This new body of work looks at another current technological wonder framed against the sky: drone aircraft. The on-going quest to control the sphere geo-politically - black operations since the Cold War – continues as stealth drones dominate the skies over domestic and foreign lands. As unwitting ambassadors of American policy, drone planes demonstrate our reliance on technological solutions while, literally, being personally removed from the equation.

    “I’m hoping that the viewer considers this surveillance tool from another angle, by juxtaposing the invasiveness of remote technologies with pristine landscape and, sometimes, to explore stylization of the piece from a non-Western tradition.”

    peterseward.com

  • Peter Seward • Seen/Unseen, June 14, 6 – 10 p.m. opening and reception w/musical performance by Ryann Anderson

    For the past five years, “Stealth Towers,” has been the subject of this inquiry, as real and imagined cell-phone towers are camouflaged as pine trees, church steeples, flag poles, barn silos, and totem poles. Depicted with traditional techniques, and with a nod to the Hudson River School style of painting, these works place communications infrastructure in a Romantic, sometimes religious, context.

    “My attempt is to seduce the viewer with a beautifully painted image, but then discover a betrayal with a narrative contrary to the original emotion. I’m as conflicted about living in the post-modern world as anyone else, and present these works as open-ended questions.”

    This new body of work looks at another current technological wonder framed against the sky: drone aircraft. The on-going quest to control the sphere geo-politically - black operations since the Cold War – continues as stealth drones dominate the skies over domestic and foreign lands. As unwitting ambassadors of American policy, drone planes demonstrate our reliance on technological solutions while, literally, being personally removed from the equation.

    “I’m hoping that the viewer considers this surveillance tool from another angle, by juxtaposing the invasiveness of remote technologies with pristine landscape and, sometimes, to explore stylization of the piece from a non-Western tradition.”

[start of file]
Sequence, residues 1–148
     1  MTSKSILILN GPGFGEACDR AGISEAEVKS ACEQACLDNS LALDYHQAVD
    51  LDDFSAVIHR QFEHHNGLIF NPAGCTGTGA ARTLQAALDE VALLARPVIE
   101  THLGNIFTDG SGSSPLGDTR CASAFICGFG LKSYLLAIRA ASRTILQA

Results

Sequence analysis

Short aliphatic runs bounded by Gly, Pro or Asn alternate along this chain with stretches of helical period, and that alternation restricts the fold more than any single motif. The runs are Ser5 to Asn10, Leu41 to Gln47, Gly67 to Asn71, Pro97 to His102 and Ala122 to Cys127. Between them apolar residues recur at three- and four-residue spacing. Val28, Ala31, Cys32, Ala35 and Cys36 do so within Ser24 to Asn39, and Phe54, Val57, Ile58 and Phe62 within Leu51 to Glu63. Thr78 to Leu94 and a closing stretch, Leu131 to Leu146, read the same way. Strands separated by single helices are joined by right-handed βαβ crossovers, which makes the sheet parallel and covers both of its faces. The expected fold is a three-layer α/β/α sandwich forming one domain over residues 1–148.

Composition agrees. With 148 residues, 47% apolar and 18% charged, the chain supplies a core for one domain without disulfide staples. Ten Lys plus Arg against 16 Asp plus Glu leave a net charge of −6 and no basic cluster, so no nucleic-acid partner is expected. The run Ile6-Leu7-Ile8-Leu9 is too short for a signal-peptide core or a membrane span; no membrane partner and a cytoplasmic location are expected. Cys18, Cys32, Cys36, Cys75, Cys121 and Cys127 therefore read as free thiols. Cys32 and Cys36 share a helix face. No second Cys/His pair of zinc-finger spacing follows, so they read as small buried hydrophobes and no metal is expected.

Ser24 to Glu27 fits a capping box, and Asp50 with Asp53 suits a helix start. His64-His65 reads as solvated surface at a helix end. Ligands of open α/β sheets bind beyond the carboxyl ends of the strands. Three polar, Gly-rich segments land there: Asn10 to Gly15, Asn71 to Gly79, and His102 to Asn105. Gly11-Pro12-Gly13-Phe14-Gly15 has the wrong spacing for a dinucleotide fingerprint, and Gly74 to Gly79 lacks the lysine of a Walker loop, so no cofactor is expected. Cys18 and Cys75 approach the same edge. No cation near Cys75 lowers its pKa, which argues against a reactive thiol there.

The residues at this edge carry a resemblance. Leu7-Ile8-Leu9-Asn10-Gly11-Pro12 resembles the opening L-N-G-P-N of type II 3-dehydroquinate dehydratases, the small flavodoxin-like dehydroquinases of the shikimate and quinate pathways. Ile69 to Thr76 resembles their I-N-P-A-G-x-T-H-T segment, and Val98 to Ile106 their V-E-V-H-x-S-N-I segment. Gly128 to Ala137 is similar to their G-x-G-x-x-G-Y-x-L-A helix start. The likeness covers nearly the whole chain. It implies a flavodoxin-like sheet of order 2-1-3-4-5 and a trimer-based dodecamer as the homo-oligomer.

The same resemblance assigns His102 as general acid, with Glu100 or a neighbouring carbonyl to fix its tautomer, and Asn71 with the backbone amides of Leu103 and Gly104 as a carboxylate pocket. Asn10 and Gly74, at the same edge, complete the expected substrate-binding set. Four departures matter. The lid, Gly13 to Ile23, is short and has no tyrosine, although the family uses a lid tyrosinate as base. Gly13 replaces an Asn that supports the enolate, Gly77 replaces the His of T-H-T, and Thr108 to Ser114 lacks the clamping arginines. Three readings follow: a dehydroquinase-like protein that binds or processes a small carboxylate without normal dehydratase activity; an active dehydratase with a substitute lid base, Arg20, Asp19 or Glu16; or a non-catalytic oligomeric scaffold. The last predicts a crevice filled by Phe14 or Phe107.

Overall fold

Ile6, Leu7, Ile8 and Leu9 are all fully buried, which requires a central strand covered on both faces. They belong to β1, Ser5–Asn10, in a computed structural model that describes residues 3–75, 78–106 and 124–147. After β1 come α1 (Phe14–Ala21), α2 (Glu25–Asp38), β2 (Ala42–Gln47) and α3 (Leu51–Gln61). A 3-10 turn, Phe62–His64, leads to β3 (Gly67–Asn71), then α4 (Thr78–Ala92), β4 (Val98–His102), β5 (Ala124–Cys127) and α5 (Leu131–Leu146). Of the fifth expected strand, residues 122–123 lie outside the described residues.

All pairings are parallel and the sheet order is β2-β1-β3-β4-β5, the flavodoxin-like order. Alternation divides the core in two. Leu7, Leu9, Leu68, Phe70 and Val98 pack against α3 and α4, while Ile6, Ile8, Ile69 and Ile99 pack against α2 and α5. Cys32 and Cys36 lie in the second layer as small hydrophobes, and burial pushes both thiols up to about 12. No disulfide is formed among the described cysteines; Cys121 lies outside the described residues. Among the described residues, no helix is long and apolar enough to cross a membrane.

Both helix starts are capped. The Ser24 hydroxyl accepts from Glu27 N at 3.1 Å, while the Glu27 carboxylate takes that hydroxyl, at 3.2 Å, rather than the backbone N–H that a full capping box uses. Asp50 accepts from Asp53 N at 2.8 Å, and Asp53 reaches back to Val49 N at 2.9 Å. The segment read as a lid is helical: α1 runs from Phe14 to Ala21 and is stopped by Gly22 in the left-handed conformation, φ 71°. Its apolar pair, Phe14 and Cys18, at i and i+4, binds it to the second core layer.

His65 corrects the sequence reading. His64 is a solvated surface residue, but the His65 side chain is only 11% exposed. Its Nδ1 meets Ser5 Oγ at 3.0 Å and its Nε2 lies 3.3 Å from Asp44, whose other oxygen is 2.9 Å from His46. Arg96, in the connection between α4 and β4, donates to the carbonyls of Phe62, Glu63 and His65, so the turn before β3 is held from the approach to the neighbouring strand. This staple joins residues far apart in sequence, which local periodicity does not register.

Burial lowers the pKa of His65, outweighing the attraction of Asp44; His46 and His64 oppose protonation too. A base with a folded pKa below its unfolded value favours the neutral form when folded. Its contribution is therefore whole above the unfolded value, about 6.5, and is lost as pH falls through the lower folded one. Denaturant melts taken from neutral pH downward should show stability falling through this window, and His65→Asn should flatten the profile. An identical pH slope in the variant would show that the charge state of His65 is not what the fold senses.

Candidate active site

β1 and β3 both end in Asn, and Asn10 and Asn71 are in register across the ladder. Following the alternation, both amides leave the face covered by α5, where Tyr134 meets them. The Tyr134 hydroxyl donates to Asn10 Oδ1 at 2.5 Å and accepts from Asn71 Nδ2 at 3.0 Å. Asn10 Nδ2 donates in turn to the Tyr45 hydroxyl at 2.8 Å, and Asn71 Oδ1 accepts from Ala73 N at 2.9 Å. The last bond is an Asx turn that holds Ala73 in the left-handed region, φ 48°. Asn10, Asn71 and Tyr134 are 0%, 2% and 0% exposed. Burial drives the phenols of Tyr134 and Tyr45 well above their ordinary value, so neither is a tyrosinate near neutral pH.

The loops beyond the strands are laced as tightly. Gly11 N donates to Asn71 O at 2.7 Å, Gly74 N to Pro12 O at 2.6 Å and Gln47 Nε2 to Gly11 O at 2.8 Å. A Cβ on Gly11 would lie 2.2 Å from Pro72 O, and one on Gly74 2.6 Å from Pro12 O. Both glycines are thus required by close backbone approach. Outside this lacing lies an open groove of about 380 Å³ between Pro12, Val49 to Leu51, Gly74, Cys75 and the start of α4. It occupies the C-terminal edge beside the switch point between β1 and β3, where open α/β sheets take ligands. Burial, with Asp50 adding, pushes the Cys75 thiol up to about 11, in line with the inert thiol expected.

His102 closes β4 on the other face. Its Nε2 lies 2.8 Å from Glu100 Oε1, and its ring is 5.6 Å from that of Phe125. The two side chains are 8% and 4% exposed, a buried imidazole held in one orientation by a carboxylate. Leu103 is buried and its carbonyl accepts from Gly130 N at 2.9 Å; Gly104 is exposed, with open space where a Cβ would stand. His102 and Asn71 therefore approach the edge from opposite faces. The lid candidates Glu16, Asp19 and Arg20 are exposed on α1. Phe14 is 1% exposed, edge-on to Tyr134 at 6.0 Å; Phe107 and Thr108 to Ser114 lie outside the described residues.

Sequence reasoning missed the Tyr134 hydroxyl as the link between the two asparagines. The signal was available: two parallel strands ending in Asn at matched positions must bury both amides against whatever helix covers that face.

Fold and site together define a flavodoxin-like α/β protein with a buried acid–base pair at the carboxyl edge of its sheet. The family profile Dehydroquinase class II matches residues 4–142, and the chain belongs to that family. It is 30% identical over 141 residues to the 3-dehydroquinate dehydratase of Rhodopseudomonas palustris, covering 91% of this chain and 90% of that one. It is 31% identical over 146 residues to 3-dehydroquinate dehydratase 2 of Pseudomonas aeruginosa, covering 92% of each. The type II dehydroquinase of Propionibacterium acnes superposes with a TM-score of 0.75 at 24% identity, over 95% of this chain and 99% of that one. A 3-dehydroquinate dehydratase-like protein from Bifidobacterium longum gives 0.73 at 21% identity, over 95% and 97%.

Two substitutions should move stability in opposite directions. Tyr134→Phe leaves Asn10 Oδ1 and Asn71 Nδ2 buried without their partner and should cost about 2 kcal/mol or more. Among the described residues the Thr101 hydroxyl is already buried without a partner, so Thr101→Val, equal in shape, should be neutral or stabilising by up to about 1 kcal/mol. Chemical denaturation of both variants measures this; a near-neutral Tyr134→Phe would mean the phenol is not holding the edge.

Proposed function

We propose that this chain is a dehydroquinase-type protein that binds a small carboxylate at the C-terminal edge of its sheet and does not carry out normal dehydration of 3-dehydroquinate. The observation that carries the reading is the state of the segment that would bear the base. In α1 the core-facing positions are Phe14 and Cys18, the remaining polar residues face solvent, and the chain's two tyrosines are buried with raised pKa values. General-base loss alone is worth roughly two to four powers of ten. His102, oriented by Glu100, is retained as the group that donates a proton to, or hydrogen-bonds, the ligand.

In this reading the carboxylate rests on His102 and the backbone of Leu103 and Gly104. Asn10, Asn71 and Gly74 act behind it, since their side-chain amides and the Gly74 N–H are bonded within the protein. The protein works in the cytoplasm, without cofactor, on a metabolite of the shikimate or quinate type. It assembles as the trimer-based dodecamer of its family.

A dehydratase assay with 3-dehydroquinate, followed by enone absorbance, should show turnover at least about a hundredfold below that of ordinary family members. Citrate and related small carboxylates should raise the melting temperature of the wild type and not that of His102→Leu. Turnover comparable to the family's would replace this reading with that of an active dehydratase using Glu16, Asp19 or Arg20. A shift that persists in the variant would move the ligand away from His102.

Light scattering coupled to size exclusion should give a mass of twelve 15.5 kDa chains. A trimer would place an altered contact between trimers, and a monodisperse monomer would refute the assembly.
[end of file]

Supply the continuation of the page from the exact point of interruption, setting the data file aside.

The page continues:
peterseward.com

  • Dott von Schneider – Latitudes and Longitudes September 13 – October 19

    A longtime Cleveland mixed media artist, Dott von Schneider received her CEAP from the Ecole des Beaux-arts de Rouen in 1996. Her work has been exhibited internationally and featured in publications such as Kölnisch Rundshau, The Plain Dealer, Cleveland Magazine, Jane Magazine, Cleveland Scene, and Northern Ohio Live. She also functions as Cultural Maraca and owner of Miller Schneider Gallery. She writes, “Of late my work has been about manipulating non-traditional materials as commentary on the physical place I am at any given time. Latitudes and Longitudes is based on my two week transcontinental drive to study the living erosion of the United States.”

  • Peter Seward • Seen/Unseen, June 14 - July 13, 2013

    In a series of landscape paintings, Seward explores our collective use of technology, set against our desire to preserve the natural environment.

    For the past five years, “Stealth Towers,” has been the subject of this inquiry, as real and imagined cell-phone towers are camouflaged as pine trees, church steeples, flag poles, barn silos, and totem poles. Depicted with traditional techniques, and with a nod to the Hudson River School style of painting, these works place communications infrastructure in a Romantic, sometimes religious, context.

    “My attempt is to seduce the viewer with a beautifully painted image, but then discover a betrayal with a narrative contrary to the original emotion. I’m as conflicted about living in the post-modern world as anyone else, and present these works as open-ended questions.”

    This new body of work looks at another current technological wonder framed against the sky: drone aircraft. The on-going quest to control the sphere geo-politically – black operations since the Cold War – continues as stealth drones dominate the skies over domestic and foreign lands. As unwitting ambassadors of American policy, drone planes demonstrate our reliance on technological solutions while, literally, being personally removed from the equation.

    “I’m hoping that the viewer considers this surveillance tool from another angle, by juxtaposing the invasiveness of remote technologies with pristine landscape and, sometimes, to explore stylization of the piece from a non-Western tradition.”